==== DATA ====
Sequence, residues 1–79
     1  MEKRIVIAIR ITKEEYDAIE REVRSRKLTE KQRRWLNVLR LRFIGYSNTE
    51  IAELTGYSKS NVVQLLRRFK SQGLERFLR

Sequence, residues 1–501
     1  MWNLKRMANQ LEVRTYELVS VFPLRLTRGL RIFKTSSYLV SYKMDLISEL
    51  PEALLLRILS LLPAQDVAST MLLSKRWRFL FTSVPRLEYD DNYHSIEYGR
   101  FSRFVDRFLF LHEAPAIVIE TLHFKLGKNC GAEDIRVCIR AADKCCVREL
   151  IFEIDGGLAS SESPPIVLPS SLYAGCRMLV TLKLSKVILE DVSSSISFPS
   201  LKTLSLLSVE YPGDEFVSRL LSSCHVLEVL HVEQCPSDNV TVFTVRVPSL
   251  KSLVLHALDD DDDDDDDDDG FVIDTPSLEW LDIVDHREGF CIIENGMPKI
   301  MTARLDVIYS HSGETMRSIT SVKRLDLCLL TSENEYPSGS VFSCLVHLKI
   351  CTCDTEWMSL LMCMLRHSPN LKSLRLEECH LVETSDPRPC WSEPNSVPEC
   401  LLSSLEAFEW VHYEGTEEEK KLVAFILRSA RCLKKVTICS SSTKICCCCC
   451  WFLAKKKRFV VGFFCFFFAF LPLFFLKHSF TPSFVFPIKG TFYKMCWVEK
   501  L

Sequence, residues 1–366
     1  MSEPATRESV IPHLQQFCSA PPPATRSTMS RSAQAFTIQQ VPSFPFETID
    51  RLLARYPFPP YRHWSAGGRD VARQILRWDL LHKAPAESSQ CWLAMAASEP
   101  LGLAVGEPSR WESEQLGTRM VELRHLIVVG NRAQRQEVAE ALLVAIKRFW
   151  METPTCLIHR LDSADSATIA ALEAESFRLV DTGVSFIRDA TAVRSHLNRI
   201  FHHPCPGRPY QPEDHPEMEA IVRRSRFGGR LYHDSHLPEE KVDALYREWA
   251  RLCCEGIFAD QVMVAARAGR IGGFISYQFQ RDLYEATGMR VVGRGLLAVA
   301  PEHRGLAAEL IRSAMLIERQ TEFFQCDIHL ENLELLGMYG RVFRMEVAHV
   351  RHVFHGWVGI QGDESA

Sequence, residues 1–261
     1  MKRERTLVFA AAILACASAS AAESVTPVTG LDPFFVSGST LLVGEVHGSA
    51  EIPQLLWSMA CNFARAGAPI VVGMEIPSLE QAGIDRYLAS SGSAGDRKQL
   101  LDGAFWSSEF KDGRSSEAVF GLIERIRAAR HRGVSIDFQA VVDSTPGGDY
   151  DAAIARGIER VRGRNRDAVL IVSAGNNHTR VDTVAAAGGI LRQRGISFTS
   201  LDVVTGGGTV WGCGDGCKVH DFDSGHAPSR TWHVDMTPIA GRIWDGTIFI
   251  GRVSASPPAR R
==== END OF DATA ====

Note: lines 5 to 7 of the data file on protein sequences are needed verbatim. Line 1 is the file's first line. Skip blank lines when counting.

     1  MWNLKRMANQ LEVRTYELVS VFPLRLTRGL RIFKTSSYLV SYKMDLISEL
    51  PEALLLRILS LLPAQDVAST MLLSKRWRFL FTSVPRLEYD DNYHSIEYGR
   101  FSRFVDRFLF LHEAPAIVIE TLHFKLGKNC GAEDIRVCIR AADKCCVREL